One of the water barricades on near the an entrance of CHOP.
One of the water barricades near an entrance of CHOP. JK
On Monday, the Capitol Hill Organized Protest (CHOP) celebrated its one week birthday. The relatively police-free protest area was created last Monday after Seattle Police Department vacated their East Precinct on 12th and Pine. Like many victories won by Black and brown people, the protestors and CHOP must be protected from white supremacist agitators looking to start a fight.

Just last night a band of Proud Boys walked through CHOP seemingly with the intention to stir up trouble, eventually beating someone up a couple of blocks outside the protest zone. The barricades—which are being reconfigured as I type this—are an important part of maintaining the safety of both the protestors and CHOP, manned by volunteers who deescalate and quite literally put their bodies in front of danger to protect the area. Volunteers say that responsibility is even more important at night when the darkness brings out the creeps.

One night volunteer, Jas, said that nights can get "pretty bizarre" once it hits 10:00 p.m. and the crowds of thousands of tourists and Seattleites from different parts of the city head home, leaving the couple hundred overnight residents of CHOP scattered throughout the six blocks. "It's a more tense environment than it is during the day with less people," they said. "But we're being organized and as prepared as we can."

The change in mood is a sentiment echoed by Obi, another volunteer who has been volunteering for the night shift at the barricades ever since the protests turned into CHAZ (then CHOP).

"At night it's more people cruising by. We've seen a lot of the same vehicles going around, surveying us. Souped-up trucks—nice old Trump wagons—revving their engines, flashing their lights, pointing at us, doing white power symbols, stuff like that," she said. "But that doesn't really happen during the day—they're too cowardly to do it during the day."

The night volunteer team has been working to organize into a better shift system, making sure there are trained deescalators on-call and cars available to block entrances if reports of another driver determined to ram their car through a crowd of protestors materializes.

Both Jas and Obi attested to being accosted by white agitators looking to shake the resolve of the protestors and start trouble in CHOP.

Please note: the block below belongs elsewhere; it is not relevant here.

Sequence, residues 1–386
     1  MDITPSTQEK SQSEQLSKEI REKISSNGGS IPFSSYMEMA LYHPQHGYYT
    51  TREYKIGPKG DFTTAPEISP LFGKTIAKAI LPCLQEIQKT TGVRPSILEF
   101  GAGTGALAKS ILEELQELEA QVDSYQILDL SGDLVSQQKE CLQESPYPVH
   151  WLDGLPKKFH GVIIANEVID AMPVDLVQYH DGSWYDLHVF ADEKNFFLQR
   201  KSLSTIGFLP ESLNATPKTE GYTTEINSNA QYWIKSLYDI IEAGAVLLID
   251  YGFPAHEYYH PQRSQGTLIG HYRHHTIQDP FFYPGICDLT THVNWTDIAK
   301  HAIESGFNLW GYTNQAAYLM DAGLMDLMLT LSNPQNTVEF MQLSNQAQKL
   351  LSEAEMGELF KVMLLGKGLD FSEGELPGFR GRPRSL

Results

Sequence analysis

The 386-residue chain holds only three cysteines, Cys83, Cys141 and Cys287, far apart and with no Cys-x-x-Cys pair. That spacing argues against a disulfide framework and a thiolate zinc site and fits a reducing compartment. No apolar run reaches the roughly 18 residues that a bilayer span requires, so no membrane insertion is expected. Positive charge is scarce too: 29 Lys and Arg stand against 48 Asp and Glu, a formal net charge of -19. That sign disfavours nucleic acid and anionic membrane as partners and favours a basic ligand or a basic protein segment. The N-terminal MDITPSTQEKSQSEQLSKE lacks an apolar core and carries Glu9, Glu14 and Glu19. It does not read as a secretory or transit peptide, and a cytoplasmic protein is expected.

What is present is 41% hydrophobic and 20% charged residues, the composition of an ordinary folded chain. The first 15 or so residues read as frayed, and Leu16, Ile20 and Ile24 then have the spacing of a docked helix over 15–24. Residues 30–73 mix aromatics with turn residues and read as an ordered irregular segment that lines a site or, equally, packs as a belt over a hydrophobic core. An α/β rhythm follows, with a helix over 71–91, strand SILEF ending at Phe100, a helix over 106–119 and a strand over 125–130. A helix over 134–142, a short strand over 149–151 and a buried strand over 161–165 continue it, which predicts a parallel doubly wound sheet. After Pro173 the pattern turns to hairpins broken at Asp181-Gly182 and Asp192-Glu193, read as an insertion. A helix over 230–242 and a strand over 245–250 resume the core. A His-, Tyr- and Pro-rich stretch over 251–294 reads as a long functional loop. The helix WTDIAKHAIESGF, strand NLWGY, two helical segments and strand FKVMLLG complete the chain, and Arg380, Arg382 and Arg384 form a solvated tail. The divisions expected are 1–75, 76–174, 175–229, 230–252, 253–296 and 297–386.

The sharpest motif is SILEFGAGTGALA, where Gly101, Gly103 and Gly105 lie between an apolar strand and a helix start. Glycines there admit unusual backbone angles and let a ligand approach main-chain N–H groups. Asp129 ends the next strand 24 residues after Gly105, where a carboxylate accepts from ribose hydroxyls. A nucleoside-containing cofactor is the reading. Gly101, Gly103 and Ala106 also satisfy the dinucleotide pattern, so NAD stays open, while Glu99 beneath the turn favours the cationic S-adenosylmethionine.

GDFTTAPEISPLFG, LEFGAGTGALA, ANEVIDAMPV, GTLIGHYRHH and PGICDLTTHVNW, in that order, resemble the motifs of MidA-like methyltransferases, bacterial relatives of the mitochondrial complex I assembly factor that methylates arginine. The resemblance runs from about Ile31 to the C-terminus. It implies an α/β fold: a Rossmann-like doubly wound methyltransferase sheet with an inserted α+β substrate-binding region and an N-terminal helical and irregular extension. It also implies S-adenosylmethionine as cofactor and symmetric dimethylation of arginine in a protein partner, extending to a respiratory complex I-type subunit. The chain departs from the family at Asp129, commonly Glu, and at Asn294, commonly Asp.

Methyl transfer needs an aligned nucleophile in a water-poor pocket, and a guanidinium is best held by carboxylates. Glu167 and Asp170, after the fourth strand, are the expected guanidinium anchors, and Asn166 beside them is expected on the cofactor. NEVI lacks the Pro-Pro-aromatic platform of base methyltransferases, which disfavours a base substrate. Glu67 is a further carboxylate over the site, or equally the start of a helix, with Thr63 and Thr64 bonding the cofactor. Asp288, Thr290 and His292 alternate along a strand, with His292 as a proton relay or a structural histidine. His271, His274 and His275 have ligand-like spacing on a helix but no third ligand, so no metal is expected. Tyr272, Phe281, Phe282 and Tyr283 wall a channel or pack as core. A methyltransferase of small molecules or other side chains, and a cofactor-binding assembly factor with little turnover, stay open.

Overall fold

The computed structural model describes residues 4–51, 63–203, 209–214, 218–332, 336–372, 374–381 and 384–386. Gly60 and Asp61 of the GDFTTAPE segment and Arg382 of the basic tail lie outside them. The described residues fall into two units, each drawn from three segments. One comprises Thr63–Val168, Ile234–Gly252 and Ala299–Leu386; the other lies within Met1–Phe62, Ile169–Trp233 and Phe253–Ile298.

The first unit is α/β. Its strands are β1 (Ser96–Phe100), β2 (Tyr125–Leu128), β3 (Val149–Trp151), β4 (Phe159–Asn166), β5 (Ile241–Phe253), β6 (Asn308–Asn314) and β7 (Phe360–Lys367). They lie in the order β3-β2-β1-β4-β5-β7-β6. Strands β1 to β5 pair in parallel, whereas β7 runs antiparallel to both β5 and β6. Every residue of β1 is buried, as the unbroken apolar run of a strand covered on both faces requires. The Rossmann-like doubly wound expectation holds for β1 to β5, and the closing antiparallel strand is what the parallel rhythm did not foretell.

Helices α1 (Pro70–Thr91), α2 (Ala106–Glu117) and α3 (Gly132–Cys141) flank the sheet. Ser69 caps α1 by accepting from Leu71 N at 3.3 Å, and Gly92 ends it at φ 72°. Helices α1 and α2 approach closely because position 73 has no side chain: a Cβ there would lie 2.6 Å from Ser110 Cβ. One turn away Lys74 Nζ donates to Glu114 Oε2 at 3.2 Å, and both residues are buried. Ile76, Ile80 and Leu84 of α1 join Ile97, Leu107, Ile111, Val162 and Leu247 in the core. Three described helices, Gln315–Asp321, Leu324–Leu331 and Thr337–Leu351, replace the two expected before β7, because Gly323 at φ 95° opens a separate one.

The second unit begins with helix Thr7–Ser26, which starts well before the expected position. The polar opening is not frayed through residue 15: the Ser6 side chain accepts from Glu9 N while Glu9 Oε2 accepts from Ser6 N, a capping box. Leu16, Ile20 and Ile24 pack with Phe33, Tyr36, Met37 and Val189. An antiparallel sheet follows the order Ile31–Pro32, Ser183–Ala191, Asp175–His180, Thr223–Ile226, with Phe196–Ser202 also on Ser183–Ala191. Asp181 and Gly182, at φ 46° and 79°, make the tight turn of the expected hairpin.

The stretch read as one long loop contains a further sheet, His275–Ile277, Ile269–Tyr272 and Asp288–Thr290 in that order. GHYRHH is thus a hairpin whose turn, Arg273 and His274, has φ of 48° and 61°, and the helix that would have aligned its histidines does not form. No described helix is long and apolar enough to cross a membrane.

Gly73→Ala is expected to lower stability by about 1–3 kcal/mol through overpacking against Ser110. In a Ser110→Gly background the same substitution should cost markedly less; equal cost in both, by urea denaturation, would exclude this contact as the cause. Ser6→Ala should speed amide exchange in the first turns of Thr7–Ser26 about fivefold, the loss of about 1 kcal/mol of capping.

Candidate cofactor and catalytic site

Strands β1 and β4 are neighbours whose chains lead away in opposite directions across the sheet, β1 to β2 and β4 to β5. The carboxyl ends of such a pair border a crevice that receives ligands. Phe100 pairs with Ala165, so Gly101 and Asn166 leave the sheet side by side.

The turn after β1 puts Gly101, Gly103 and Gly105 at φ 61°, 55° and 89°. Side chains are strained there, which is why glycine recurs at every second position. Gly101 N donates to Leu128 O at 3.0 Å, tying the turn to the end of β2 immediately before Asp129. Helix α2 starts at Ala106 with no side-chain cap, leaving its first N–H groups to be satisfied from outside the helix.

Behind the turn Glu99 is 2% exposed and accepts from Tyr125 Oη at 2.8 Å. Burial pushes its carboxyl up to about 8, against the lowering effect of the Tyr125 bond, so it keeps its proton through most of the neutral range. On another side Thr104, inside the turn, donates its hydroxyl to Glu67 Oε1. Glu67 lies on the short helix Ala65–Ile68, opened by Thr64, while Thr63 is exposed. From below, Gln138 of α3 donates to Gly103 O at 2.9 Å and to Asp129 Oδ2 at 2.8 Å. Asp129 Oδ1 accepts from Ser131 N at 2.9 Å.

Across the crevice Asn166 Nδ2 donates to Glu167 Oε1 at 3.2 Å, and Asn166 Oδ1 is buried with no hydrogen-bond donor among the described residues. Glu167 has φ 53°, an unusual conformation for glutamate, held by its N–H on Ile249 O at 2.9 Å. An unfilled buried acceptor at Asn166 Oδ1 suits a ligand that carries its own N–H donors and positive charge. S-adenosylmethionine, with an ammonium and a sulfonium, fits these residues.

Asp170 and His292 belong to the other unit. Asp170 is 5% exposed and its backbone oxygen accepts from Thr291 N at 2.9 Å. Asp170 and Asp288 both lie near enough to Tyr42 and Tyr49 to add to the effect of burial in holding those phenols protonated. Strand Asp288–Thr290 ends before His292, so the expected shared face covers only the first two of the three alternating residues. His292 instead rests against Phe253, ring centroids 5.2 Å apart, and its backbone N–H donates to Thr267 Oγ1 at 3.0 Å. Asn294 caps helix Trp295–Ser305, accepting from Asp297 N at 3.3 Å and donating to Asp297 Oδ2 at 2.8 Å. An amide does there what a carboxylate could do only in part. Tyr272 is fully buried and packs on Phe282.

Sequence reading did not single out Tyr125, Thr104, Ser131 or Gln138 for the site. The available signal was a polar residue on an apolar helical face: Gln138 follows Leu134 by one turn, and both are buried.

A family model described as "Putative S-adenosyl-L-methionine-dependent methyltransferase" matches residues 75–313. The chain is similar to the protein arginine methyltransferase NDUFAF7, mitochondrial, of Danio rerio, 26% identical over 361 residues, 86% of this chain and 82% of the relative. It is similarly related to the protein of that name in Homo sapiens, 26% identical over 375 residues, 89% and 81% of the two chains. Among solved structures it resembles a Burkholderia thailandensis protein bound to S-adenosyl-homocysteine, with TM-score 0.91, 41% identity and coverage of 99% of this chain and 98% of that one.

"It's usually older white men [who] come around and start creeping on us during the day. They start asking us questions about our politics, asking us questions about who we are and what we're doing," said Obi.

She says she tries to use her white privilege and the fact that she hasn't experienced racial injustice to "stay calm, stay vigilant, stay active," redirecting the agitator away from CHOP or calling in for more deescalation help.

With the negative perceptions of CHOP only becoming more amplified as the president spews disinformation, it's important to those on the night shift to deescalate tense situations as they arise. Jas emphasized the team's careful approach to reporting accurate information about threats so as to not cause too much panic.

"Trying to keep people calm and less people engaging with threats is also a big part of our role," they said. "We want to make sure [the protestors] stand back for their own safety and the safety of the people who are coming in and trying to be agitators too."

A majority of the night shift volunteers on the barricades are white, a fact that Obi believes comes from one of the main focuses of the protests being centering the voices and safety of the Black community.

"I feel like a lot of us do kind of have the feeling that we are here to be the shield so that people who can't usually convene can come together, share ideas, strengthen their communities," she said. "It's time for us to elevate and protect other people so that they can have the same societal joy that we've been experiencing."

This urgent need to protect the most vulnerable was shared by Jas, who said that the night shift volunteers' main purpose is to keep CHOP safe so that Black and indigenous people can have the space to "freely communicate with each other and voice their demands and their needs to people who are here that want to help them and support them."

As the layout of CHOP begins to shrink over the next day, allowing more traffic to maneuver through the area, it remains to be seen how this change will affect the demands and safety of everyone at CHOP.